• Targeted Muscles: Abs, back, legs, and obliques
  • Equipment Needed: None
  • Sets: 3 sets of 30-second holds
  • Execution: Start on your side with your feet together. On one forearm, engage your core and lift your hips until your body creates a straight line. Be sure to make it a full-body pose, keeping the shoulders broad and tailbone tucked in.

Overhead Squats

A man performing an overhead squat using a barbell.

Overhead squats are the epitome of a total-body exercise. Reaching the arms overhead while we squat is no small feat, especially when trying to avoid arching or rounding. If you’re new to this move, try it with light resistance until you master proper form, as this one can feel slightly awkward at first.

  • Targeted Muscles: Glutes, quadriceps hamstrings, upper back, shoulders, and core
  • Equipment Needed: Barbell and plate weights
  • Sets: 3 sets of 10
  • Execution: Begin standing with your legs shoulder-width apart. Hold the barbell on your upper back, and with your elbows underneath the bar, drive the barbell upward overhead while dropping into a squat position, making a “Y” with your body. Repeat.

Split Squats

A man uses two dumbbells to perform a split squat.

This targeted movement is a unilateral leg exercise that increases lower-body strength, builds muscle, and improves balance. The split squat also helps with mobility and flexibility, helping you squat lower and get into that deep range of motion that fires up those quads.

  • Targeted Muscles: Quadriceps, glutes, and core
  • Equipment Needed: None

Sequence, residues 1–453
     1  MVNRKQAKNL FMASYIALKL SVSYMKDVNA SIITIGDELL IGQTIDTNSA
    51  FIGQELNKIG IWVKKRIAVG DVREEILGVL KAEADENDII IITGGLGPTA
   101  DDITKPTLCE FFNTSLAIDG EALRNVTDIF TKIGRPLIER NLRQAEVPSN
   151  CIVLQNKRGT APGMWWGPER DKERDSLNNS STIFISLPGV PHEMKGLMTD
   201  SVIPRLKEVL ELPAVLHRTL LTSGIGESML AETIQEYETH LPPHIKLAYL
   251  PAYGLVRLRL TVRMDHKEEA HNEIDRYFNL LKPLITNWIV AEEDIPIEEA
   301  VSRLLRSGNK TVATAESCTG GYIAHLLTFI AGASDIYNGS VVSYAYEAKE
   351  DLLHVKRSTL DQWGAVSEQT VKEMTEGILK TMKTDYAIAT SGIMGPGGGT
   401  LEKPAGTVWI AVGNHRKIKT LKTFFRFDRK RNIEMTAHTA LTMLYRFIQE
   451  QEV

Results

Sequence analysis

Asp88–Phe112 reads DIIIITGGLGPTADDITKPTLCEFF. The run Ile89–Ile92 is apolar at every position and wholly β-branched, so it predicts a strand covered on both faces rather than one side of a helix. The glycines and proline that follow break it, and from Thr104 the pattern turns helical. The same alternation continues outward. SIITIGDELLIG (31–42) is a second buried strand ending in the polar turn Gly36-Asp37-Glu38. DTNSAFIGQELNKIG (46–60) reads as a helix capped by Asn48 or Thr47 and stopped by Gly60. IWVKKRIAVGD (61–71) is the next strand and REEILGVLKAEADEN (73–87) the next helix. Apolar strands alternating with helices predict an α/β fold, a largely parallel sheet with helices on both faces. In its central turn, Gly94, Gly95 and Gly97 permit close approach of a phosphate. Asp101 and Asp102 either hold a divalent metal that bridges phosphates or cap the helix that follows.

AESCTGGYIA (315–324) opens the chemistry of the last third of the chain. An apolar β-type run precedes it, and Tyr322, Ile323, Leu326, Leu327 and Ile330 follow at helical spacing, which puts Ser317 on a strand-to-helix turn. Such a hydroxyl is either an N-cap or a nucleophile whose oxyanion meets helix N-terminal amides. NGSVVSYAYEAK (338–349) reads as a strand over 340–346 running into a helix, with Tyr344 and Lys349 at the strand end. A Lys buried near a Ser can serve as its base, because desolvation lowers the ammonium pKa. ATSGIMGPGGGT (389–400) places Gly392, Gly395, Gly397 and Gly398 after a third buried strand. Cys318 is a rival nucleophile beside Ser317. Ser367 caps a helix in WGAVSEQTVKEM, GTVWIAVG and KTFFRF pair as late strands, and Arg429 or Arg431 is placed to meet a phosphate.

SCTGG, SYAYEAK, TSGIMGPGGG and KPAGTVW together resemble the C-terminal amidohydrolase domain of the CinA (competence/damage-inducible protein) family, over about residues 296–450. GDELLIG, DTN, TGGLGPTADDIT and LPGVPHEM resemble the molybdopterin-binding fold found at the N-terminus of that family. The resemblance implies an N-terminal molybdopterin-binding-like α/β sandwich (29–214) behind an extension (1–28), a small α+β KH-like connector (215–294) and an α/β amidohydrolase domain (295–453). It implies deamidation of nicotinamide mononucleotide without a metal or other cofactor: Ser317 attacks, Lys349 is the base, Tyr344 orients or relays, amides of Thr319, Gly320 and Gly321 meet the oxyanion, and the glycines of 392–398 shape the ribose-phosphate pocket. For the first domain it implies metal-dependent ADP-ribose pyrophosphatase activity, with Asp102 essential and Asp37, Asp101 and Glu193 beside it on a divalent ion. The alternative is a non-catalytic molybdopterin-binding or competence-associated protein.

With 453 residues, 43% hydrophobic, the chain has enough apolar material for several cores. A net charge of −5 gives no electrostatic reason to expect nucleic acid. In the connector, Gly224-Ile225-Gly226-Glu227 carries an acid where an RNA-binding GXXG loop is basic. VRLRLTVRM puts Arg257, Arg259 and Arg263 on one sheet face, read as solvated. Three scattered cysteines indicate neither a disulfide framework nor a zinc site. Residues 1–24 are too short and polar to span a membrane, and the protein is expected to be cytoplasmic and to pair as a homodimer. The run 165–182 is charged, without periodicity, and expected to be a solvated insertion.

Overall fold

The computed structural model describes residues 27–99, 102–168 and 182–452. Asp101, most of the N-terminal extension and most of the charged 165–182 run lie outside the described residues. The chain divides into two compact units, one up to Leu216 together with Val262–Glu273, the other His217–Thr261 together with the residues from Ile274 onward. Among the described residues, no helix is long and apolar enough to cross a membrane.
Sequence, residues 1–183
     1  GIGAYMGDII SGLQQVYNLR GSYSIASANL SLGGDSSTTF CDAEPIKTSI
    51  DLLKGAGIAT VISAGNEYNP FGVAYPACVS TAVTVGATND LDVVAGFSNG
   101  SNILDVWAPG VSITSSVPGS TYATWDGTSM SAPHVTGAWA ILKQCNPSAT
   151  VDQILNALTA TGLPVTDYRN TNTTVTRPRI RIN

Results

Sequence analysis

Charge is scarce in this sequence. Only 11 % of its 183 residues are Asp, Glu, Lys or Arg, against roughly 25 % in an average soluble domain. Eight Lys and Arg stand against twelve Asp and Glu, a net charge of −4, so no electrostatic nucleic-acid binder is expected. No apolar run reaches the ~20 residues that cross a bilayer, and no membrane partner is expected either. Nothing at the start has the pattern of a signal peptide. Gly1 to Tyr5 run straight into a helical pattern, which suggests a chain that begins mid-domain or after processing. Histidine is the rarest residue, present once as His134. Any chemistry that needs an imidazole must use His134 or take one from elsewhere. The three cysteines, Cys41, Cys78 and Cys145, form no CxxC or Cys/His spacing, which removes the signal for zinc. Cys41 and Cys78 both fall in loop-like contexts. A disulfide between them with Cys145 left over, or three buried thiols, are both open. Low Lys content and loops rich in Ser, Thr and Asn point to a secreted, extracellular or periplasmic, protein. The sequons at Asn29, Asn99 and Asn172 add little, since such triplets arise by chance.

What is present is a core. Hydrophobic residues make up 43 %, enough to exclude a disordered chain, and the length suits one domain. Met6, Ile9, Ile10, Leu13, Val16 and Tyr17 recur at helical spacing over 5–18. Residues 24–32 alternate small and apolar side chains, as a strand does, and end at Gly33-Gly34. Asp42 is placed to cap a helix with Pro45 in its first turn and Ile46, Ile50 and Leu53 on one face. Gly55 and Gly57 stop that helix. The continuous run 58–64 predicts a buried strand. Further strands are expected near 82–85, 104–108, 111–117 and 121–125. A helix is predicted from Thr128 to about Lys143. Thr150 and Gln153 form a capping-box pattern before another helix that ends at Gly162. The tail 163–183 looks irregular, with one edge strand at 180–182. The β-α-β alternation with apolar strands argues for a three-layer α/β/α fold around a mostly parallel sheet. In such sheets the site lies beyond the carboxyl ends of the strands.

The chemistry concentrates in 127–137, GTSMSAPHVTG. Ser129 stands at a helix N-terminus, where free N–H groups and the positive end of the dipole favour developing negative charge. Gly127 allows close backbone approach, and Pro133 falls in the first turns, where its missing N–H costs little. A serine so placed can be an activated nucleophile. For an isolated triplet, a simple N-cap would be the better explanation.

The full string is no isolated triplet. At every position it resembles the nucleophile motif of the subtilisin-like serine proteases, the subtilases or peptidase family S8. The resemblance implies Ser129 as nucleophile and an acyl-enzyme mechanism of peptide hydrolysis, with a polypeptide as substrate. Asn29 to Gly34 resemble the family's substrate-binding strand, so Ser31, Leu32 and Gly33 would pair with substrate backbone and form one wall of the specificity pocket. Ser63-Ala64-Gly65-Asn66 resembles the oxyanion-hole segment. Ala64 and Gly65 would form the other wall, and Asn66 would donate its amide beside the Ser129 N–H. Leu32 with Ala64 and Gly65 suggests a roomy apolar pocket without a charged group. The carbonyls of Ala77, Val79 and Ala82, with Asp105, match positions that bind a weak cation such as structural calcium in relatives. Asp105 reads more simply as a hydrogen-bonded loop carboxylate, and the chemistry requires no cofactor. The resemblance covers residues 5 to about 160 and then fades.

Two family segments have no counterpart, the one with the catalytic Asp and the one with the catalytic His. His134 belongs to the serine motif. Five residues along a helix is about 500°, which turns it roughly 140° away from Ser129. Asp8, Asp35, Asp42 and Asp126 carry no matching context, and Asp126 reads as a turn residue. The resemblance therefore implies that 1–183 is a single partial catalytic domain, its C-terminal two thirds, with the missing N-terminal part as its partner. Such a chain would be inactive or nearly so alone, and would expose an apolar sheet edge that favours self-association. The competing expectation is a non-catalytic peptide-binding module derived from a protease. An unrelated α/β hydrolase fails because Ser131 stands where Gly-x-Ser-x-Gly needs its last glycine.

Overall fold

• Sets: 3 sets of 15
  • Execution: Get into a standard lunge and simply stay there, squatting up and down, bending both knees (get low) on an inhale, and slowly straightening both legs on the exhale. Once you have that down, do it without tilting your pelvis forward and backward. Use your core to stabilize.

Reverse Plank

Marcus Filly doing a reverse plank.

This one move has all the benefits and fun of the standard plank, except on the posterior side of your body. The reverse plank targets the often-ignored muscles in a totally unique way. These posterior muscles are important in weight training and sports but rarely get any attention in isolated exercises.

  • Targeted Muscles: Lower back, obliques, glutes, and hamstrings
  • Equipment Needed: None
  • Sets: 3 sets of 30-second holds
  • Execution: From a sitting position, place your heels on the ground in front of you and your hands directly under your shoulders. Turn the hands out to the sides and flex the feet, lifting the hips high. Allow your head to look up.

Sumo Squats

A man doing sumo squats in a park.

Sumo squats differ from regular squats in that they place more emphasis on the inner thigh adductors, which move your legs toward your body (though they’re both great squat exercises for leg day). It’s also a challenge for the core because you’re putting your body in a new alignment, and it needs stability to keep from rocking forward or backward.

  • Targeted Muscles: Glutes, quads, hamstrings, hip flexors, and calves
  • Equipment Needed: None
  • Sets: 3 sets of 15 reps
  • Execution: Spread the legs about a foot wider than from a normal squat. When squatting down, try not to stick your butt out. Let the knees spread wide and stay vertical with your torso. Drive through the floor, squeeze the glutes to stand up, and keep those knees tracking wide.